Chapter 5

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Conducted immunity

Introduction

Conducted immunity tests are a simulation of R.F. currents in cables, induced by R.F. fields of transmitters working in the lower frequency bands. At frequencies below 30 MHz it is quite difficult to generate an R.F. field in an anechoic chamber. This is caused by the fact that the wavelength of the test signal becomes increasingly longer at lower frequencies (l [m]= 300 / f [MHz]) and therefore, the transmitting antenna becomes either very long (± 5 meter at 30 MHz) or very in-efficient.

The dimensions of most anechoic chambers do not allow antennas greater than 5 meter (labda / 2). On the other hand, when smaller antennas are used, the power needed to generate a field becomes very high. At 30 MHz with a 3 meter EUT, Antenna separation, a transmitted power of approximately 500 W is needed. For frequencies below 30 MHz the desired power rapidly increases to several Kilowatts. During conducted immunity tests, a RF current is injected in to the cabling of the equipment under test. Different EMC standards use different methods to control the injected current.

The RadiMation® test software supports four different methods for current injection.

Conducted Immunity Substitution Configuration Window.png

Substitution method

During current injection tests according to the substitution method, a constant voltage is applied to the injection clamp.

   Menu.png Tests
      Menu.png Conducted Immunity
         Menu.png Substitution

Related standards are:

EN 61000-4-6

For tests in accordance to EN 61000-4-6 a CDN (Coupling Device Network) or injection clamp with characteristic impedance of 150 Ω is used. Before actual tests can take place, calibration of the test set-up is required. See the “Calibration” chapter for the method to calibrate the current clamp. During the calibration, a calibration file is made, which contains the drive levels for each test frequency. The values recorded in the calibration file are the forward power levels to the clamp, necessary to inject a constant current into a 150 Ω reference wire. For example, if a test level of 10 Vrms has to be injected, a current of 33 mA is injected in the 150 Ω reference wire (10 Vrms / (150 Ω + 150 Ω)).

After the test set-up has been calibrated, tests can be performed using the calibration file.

The current injected into the cabling of the EUT (Equipment Under Test) during a test, will be determined by the impedance of the cable and the 150 Ω of the injection clamp. Worst case, the injected current will be twice as high as the injected current during the calibration.

95/54/EEG

Tests for automotive and military applications often are revered to as Bulk Current Injection (B.C.I.) tests. For tests in accordance to 95/54/EEG a Bulk Current Injection clamp is used. Before actual tests can take place, calibration of the test set-up is required.

Chapter 12 describes the method for the calibration of the bulk current injection set-up. During the calibration, a calibration file is made, which contains the drive levels for each test frequency. The values recorded in the calibration file are the forward power levels to the clamp, necessary to inject a constant current into a 100 Ω calibration Jig.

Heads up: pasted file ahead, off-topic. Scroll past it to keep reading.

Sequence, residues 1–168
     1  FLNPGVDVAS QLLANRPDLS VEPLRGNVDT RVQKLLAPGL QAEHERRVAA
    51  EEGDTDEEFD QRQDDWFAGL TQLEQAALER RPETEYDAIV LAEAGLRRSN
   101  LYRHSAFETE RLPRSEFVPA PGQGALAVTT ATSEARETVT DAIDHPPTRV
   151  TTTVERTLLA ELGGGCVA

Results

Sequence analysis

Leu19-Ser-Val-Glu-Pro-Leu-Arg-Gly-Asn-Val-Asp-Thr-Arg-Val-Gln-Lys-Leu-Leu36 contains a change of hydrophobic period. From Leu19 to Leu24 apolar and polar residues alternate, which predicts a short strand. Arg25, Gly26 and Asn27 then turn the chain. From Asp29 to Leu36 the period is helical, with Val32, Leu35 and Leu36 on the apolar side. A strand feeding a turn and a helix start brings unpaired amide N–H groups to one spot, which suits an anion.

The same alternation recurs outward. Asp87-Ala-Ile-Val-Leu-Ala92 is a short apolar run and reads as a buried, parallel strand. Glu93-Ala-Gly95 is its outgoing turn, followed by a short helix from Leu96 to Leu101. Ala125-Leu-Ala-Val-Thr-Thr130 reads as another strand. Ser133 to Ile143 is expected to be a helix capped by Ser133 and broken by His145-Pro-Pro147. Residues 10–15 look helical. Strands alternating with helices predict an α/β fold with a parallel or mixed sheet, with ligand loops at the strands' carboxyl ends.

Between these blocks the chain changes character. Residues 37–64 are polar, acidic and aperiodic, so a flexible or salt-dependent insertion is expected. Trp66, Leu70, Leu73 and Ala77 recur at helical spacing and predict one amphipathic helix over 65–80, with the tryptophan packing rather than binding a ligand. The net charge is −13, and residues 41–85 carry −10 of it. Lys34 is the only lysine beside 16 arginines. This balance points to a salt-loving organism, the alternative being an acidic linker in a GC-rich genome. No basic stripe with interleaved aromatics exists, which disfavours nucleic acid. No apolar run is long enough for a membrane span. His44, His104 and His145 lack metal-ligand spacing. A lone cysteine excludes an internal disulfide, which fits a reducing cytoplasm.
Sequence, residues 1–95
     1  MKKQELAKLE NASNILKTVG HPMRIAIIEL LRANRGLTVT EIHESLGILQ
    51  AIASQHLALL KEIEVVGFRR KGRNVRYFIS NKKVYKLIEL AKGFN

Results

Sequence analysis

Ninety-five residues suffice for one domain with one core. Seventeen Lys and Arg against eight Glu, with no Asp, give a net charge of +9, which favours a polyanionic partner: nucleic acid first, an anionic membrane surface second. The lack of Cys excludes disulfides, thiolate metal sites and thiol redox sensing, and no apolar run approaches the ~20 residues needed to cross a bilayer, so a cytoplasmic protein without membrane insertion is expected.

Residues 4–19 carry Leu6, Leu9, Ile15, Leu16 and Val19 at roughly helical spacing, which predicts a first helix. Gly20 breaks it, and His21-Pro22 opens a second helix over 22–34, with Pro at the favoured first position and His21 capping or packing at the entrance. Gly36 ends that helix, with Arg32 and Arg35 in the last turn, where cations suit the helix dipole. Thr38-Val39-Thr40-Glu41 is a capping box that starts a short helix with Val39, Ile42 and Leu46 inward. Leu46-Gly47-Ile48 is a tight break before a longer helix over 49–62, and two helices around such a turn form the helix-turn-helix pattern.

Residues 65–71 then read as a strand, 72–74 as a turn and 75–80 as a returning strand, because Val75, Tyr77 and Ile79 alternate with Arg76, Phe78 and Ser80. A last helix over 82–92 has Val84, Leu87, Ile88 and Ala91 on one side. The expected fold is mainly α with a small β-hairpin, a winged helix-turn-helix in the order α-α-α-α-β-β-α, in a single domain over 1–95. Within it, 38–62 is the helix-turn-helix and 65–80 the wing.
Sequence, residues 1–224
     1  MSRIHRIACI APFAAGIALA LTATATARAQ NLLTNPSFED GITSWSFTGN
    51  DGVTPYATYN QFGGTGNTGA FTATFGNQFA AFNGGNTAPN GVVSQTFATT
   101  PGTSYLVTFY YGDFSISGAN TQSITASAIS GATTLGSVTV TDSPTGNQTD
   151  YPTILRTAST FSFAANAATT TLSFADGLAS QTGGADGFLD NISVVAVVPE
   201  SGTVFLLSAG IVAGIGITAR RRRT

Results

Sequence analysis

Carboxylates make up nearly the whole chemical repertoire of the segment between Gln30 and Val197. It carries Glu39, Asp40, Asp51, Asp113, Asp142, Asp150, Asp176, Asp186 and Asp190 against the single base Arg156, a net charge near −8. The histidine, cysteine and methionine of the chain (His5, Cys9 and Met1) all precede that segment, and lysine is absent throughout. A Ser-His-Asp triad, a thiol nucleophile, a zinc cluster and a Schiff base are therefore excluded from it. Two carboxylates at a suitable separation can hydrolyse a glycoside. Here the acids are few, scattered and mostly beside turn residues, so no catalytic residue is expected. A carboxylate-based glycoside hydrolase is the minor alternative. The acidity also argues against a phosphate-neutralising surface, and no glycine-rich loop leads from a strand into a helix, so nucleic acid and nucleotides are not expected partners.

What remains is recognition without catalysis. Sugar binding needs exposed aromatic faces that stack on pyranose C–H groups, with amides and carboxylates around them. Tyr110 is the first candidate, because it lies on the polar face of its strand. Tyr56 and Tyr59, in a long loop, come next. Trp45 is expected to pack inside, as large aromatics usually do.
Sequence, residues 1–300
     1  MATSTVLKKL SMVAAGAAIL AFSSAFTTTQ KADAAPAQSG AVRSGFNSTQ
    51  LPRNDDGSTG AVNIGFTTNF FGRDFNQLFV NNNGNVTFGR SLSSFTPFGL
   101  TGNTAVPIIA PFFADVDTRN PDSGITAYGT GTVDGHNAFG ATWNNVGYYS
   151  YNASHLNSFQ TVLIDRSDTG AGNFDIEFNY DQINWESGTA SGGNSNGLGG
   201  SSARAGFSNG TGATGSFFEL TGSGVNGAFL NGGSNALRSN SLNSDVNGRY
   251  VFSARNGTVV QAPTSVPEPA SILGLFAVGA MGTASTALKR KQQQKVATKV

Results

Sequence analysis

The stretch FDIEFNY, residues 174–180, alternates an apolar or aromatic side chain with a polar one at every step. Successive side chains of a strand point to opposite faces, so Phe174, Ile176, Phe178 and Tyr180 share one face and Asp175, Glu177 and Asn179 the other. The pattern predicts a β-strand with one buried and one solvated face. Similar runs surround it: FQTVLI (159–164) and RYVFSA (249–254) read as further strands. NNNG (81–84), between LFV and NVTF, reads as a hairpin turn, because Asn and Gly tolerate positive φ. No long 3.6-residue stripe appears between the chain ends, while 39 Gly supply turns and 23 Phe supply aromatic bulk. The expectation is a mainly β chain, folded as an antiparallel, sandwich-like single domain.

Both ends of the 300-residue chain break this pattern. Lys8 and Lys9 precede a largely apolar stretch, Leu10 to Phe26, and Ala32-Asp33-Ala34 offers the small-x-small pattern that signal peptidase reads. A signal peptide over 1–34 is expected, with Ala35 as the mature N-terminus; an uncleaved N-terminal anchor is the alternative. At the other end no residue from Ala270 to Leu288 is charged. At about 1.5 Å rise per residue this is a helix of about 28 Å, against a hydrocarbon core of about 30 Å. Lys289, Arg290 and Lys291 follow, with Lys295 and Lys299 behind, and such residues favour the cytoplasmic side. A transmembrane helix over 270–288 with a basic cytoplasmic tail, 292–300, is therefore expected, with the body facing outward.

After the test set-up has been calibrated, tests can be performed using the calibration file.

Conducted Immunity Test Setup Substitution.png

# Device name Tab in RadiMation® configuration window
Signal Generator Devices 1
Forward power meter Devices 1
Amplifier Devices 1
Coupler Devices 1
Reflected power meter Devices 1
Injection device Devices 2
Cables
1 Cable SG -> Amplifier Cables
2 Cable Amplifier -> coupler Cables
3 Cable Coupler -> Antenna Cables
4 Cable Coupler -> fwd Power meter Cables
5 Cable Coupler -> refl power meter Cables


Information.png
Note: Usage of cable correction factors is not mandatory. However, using correction factors will increase measurement accuracy during immunity measurements.

Although, during immunity measurements according to the substitution method, cable correction factors will increase the accuracy of measured/displayed power values. The generated field accuracy will however be the same when using correction factors or not.

When in doubt contact your reseller.

Current levelling method

   Menu.png Tests
      Menu.png Conducted Immunity
         Menu.png Fixed Current

During conducted immunity tests according to the "current levelling" method, the injected current during the tests is real time levelled to the desired value. For "current levelling" tests, no calibration files are required. Some EMC standards, like automotive standards, describe current levelling test methods.

Some EMC standards prescribe the use of a selective power meter like a spectrum analyser. A selective power meter will only measure the fundamental frequency of the injected current, where a broad band power meter measures the fundamental frequency with all of its harmonics. On the other hand, a broadband power meter is much more accurate than the amplitude accuracy of a spectrum analyser. RadiMation® supports both the use of spectrum analysers and power meters simply by selecting the corresponding power meter device driver.

Conducted Immunity Test Setup Current Leveling.png

# Device name Tab in RadiMation® configuration window
Signal Generator Devices 1
Amplifier Devices 1
Coupler Devices 1
Forward power meter Devices 1
Reflected Power meter Devices 1
Injection device Devices 2
Current sensor Devices 2
Sensor power meter Devices 2
Cables
1 Cable SG -> Amplifier Cables
2 Cable Amplifier -> Coupler Cables
3 Cable Coupler -> Antenna Cables
4 Cable Coupler -> Fwd Power meter Cables
5 Cable Coupler -> Refl Power Meter Cables